The Sleep Gene
More than a third of American adults do not get enough sleep on a regular basis, according to the CDC.1 Help may be on the way. Scientists have recently identified a “sleep gene” that allows people who have this gene to feel fully rested with just four to six hours of sleep, without the ill effects that are typically associated with lack of sufficient sleep.
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The Sleep Gene
More than a third of American adults do not get enough sleep on a regular basis, according to the CDC.1 Help may be on the way.
Scientists have recently identified a “sleep gene” that allows people who have this gene to feel fully rested with just four to six hours of sleep, without the ill effects that are typically associated with lack of sufficient sleep. The importance of proper sleep is well documented, as sleep plays a vital role in good health and well-being.
The “Sleep Gene”
Until the discovery of a short-sleep gene by scientists at the University of California at San Francisco, sleep scientists hadn’t thought about sleep duration being regulated by a person’s genetic make-up.
The breakthrough happened once researchers identified a family that included three generations of short sleepers. Using a form of genome sequencing, they discovered a rare mutation in the ADRB1 gene, which is a gene that codes for a receptor known to regulate the sleep/wake cycle.
With this finding, the scientists went to work on lab-grown cells and mice, discovering the ADRB1 gene played a major role in the region of the brain involved in regulating sleep. They also found that the mutated version was more easily activated, translating into building brains that are easier to wake and stay awake longer.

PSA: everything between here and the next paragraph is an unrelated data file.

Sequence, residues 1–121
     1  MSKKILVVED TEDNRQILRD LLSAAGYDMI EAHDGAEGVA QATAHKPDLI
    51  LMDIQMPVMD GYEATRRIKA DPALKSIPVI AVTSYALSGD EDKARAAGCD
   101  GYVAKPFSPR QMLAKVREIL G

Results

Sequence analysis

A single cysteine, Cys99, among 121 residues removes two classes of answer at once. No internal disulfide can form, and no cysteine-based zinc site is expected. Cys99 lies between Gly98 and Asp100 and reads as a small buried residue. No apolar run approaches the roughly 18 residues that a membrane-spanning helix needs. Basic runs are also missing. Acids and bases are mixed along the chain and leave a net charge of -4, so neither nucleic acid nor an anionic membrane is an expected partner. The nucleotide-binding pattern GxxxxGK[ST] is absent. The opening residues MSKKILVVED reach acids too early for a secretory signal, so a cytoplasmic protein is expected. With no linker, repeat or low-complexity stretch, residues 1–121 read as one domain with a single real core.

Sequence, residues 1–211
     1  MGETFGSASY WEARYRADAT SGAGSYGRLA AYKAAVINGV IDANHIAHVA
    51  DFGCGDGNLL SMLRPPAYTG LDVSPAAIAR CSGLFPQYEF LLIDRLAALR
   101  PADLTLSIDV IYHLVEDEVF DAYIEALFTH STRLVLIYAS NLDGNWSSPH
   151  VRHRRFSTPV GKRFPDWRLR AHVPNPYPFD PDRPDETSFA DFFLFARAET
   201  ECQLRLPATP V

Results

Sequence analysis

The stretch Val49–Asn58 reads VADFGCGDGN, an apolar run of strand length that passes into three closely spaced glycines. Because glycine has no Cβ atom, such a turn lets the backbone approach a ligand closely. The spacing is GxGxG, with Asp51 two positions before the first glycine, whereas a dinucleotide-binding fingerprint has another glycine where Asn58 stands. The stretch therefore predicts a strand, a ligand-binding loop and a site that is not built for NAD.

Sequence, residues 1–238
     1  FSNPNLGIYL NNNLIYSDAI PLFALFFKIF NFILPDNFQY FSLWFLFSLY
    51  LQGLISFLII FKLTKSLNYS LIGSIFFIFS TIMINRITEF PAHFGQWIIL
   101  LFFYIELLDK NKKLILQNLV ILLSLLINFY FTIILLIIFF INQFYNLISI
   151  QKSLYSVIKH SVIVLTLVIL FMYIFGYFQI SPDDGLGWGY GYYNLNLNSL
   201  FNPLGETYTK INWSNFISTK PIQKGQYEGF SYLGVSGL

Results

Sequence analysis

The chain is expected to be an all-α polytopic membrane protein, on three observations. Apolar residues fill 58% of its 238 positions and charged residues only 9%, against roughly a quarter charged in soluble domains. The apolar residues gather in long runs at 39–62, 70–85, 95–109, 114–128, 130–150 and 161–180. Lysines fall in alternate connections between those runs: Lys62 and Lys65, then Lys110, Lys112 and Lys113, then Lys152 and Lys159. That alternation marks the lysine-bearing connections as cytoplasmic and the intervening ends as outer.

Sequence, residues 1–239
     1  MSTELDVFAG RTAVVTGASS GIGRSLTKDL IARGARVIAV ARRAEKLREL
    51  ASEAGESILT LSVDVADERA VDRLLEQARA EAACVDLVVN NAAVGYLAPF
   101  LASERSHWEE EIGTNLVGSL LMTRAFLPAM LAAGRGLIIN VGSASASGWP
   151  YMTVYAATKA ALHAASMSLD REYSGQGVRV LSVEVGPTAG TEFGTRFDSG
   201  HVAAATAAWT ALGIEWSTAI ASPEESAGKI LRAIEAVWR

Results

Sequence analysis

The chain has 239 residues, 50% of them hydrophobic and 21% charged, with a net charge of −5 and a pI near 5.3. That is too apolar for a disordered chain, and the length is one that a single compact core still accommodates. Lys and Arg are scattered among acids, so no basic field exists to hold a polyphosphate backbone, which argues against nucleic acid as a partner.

Hope for the Sleep Deprived
The rare individuals who have this natural sleep gene mutation experience better sleep quality and sleep efficiency, allowing them to avoid the health consequences of chronic sleep deprivation, such as high blood pressure, diabetes, heart attack, heart failure and stroke.
This research is important because it has led to a better understanding of how sleep is regulated, opening the doors to new thinking on the development of drugs or therapies that will improve sleep for millions of Americans, as well as their overall health.
Should this new future of better sleep for all Americans occur, it may have profound implications for society that extend well beyond better health. The societal benefits of a more rested population enjoying a higher level of cognitive function throughout the day may result in more productive workers, fewer accidents, better moods that lead to kinder behavior and a deeper engagement in more activities. Until that time, check out these tips on combatting lack of sleep.
Who knows, we may even retire the phrase “Look who woke up on the wrong side of the bed today”!
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